Tuesday, March 13, 2012

every day a little death

"Every day a little death
In the parlor, in the bed
In the curtains, in the silver
In the buttons, in the bread
Every day a little sting
In the heart and in the head
Every move and every breath
And you hardly feel a thing
Brings a perfect little death"
Even the casual reader of this blog knows that I like Stephen Sondheim’s work -- a lot.

But even I was a bit surprised to start living the lyrics of Every Day a Little Death.  Well, at least, on the surface.

I am not certain where it started.  And it really doesn’t matter.  But the cascade started with something.

Let’s say it was the lamp in my bedroom.  It simply stopped working.  Being an optimist, I was positive a new bulb would shed light on a solution.

Nope.  It turns out that the metal portion that the bulb screws into had headed off to Edison heaven.  When I finally had the thing in my hand, I could see why.  A beer can has thicker construction.

Then my Bluetooth mouse I bought in Manzanillo in January stopped working.  No click.  No input.

And the water dispenser decided water did not need to appear on demand; it could just miraculously appear.  Creating large puddles on tile floor may be great for vaudeville acts, but it is not too amusing to a gimpy-ankled senior who lives in my house.

Then my mobile telephone stopped working.  And two additional lights blew out.

Each failure was no big deal.  Nor were they in aggregate.  After all, the Mexican tropics are tough on things mechanical -- especially the electronic cousins.  But the erosion of expected order got me thinking about life in general.

Things are decomposing around us all the time.  After all, entropy is one of the constants in our lives.  My stuff simply went all at once.  And each one can be fixed or replaced.  For now.

But everything around us -- including our lives -- may appear as if they are stone.  But they are just sand and water waiting to erode.  And there is nothing we can do to stop it.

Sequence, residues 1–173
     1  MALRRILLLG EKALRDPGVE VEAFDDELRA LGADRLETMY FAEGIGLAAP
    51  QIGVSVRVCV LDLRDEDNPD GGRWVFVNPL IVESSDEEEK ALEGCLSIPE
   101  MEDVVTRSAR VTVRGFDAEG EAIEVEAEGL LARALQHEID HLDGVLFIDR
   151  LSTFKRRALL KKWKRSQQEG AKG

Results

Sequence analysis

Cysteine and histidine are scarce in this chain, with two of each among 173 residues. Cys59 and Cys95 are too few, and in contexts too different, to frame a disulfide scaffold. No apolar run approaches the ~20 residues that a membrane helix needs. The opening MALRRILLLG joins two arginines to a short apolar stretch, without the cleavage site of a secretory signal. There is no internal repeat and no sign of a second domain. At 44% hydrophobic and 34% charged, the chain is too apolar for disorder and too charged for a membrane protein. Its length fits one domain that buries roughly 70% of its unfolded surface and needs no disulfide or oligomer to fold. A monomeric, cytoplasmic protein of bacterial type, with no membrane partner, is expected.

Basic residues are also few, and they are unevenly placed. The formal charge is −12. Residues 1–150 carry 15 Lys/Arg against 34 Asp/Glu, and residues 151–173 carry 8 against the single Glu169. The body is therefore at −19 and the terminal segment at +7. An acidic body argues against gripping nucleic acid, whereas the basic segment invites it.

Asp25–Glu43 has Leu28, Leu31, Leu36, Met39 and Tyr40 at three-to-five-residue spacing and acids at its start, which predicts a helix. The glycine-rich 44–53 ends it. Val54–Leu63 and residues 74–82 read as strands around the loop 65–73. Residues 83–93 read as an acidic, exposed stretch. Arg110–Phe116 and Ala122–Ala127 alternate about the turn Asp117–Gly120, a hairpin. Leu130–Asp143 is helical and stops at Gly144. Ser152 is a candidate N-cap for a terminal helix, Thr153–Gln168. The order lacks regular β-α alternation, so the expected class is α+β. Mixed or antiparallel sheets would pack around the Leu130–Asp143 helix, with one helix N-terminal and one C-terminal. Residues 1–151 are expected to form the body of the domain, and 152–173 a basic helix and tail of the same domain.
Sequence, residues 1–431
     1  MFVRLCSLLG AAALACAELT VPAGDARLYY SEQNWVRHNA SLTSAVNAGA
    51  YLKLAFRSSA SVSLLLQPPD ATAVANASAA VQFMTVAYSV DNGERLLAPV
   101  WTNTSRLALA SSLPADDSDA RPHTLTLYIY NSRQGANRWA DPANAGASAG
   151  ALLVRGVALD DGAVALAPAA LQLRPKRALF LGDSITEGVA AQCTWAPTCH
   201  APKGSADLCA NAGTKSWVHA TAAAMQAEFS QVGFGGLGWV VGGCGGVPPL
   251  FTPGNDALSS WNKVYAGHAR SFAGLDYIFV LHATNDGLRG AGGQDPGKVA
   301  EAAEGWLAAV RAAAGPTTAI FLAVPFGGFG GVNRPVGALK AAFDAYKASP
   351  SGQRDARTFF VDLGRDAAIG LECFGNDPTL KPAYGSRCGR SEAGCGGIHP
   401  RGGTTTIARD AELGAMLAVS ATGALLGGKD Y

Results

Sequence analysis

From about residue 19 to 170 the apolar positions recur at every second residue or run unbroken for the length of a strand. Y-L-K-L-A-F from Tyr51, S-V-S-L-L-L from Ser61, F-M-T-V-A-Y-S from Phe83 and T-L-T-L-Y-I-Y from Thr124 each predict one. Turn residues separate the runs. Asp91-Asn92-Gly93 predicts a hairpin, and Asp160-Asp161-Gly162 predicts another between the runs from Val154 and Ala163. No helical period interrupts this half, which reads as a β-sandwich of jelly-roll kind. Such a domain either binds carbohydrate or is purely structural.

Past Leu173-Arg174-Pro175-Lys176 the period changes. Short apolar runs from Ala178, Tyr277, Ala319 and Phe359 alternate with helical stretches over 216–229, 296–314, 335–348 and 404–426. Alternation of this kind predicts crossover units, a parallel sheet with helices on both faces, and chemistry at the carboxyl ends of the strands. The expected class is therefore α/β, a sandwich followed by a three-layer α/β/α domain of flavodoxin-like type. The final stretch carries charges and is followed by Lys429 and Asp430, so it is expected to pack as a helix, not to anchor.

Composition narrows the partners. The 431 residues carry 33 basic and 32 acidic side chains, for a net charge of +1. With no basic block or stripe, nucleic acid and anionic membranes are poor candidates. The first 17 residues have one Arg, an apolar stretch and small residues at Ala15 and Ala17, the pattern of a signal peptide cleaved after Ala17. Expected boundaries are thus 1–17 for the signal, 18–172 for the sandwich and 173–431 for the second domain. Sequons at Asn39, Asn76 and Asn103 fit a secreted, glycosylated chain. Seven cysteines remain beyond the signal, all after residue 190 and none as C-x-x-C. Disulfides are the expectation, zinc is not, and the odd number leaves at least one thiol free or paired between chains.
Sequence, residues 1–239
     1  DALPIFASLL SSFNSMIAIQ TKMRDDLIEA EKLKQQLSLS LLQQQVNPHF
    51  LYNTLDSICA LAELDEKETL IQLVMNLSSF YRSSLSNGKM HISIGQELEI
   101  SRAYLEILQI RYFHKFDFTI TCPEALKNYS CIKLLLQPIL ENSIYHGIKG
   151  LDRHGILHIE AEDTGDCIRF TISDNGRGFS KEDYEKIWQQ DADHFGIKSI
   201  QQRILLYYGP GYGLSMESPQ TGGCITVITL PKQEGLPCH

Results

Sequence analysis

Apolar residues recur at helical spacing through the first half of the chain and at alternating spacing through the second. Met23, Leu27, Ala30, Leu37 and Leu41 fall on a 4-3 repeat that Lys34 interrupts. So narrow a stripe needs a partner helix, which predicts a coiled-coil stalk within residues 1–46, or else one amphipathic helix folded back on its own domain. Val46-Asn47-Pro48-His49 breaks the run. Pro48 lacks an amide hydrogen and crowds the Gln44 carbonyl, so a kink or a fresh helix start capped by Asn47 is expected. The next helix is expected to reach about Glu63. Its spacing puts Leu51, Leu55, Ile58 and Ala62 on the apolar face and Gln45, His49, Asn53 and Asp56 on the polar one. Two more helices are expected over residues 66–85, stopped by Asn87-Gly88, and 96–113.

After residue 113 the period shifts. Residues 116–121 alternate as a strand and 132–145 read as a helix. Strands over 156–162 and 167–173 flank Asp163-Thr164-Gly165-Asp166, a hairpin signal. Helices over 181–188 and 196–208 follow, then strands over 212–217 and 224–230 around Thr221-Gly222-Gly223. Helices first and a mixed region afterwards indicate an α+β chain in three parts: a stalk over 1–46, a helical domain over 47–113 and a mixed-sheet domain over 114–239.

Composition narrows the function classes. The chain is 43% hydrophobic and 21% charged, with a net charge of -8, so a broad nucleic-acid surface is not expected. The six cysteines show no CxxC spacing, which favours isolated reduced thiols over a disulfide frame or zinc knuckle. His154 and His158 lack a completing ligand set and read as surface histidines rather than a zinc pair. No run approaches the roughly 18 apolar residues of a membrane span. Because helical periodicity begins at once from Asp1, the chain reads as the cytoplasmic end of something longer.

The only thing we can control is how we choose to live in those conditions.  Railing against the inevitable.  Or enjoying the ride while we hold out our hands to others as both support and an invitation.

It may be a perfect little death, but how we choose the journey will make all the difference. 


Joanne said...

A good friend was recently told she would not live to see 60.  She is 54.  After a short while she stopped feeling sorry for herself and has decided she is going to make sure she does the things that she has been putting off.  Finances were a part of this - now that she doesn't have to budget to age 85, she can spend it.  As she said, we all know we are going to die, she just has a better idea of the time frame.

Mexican Trailrunner said...

Very nice, Steve.  The Buddhist philosophy of impermanence is helpful to me in my life.

Steve Cotton said...

 Faith always make a difference.

Steve Cotton said...

And we she is a good model of how we should each be living.

Marc Olson said...

Very nicely put, Steve. You point precisely down the path I've tried more and more to keep to.

Fiddeus Snypestringer said...

Rail against the inevitable?!  Silly that!  One grabs the first unsuspecting schmuck at hand and simply unloads a life's grief on him, then trots off to the Konditorei for a slice of Torte and a dollop of ice cream.

Steve Cotton said...

I thought of you the other day while I was watching The Artist -- trying to imagine your take on the film.  I think I know now.

But, as you know, for me it would be pie.

Steve Cotton said...

 Thanks, Marc.  The trick is figuring out how to live it each day.